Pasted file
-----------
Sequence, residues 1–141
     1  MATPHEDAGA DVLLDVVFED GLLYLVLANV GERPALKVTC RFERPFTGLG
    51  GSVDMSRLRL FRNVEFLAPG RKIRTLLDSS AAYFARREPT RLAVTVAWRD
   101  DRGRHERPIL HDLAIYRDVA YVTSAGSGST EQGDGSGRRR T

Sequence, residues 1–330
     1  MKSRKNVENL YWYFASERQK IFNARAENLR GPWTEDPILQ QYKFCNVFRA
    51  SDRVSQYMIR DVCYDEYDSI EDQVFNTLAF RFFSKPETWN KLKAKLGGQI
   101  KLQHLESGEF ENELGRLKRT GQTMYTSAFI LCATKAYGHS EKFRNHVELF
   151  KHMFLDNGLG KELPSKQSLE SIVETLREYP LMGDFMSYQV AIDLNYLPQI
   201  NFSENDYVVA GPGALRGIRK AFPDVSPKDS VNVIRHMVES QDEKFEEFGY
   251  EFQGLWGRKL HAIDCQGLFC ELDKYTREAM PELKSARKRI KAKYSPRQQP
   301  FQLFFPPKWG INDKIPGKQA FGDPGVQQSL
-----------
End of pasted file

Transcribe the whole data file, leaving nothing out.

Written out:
Sequence, residues 1–141
     1  MATPHEDAGA DVLLDVVFED GLLYLVLANV GERPALKVTC RFERPFTGLG
    51  GSVDMSRLRL FRNVEFLAPG RKIRTLLDSS AAYFARREPT RLAVTVAWRD
   101  DRGRHERPIL HDLAIYRDVA YVTSAGSGST EQGDGSGRRR T

Sequence, residues 1–330
     1  MKSRKNVENL YWYFASERQK IFNARAENLR GPWTEDPILQ QYKFCNVFRA
    51  SDRVSQYMIR DVCYDEYDSI EDQVFNTLAF RFFSKPETWN KLKAKLGGQI
   101  KLQHLESGEF ENELGRLKRT GQTMYTSAFI LCATKAYGHS EKFRNHVELF
   151  KHMFLDNGLG KELPSKQSLE SIVETLREYP LMGDFMSYQV AIDLNYLPQI
   201  NFSENDYVVA GPGALRGIRK AFPDVSPKDS VNVIRHMVES QDEKFEEFGY
   251  EFQGLWGRKL HAIDCQGLFC ELDKYTREAM PELKSARKRI KAKYSPRQQP
   301  FQLFFPPKWG INDKIPGKQA FGDPGVQQSL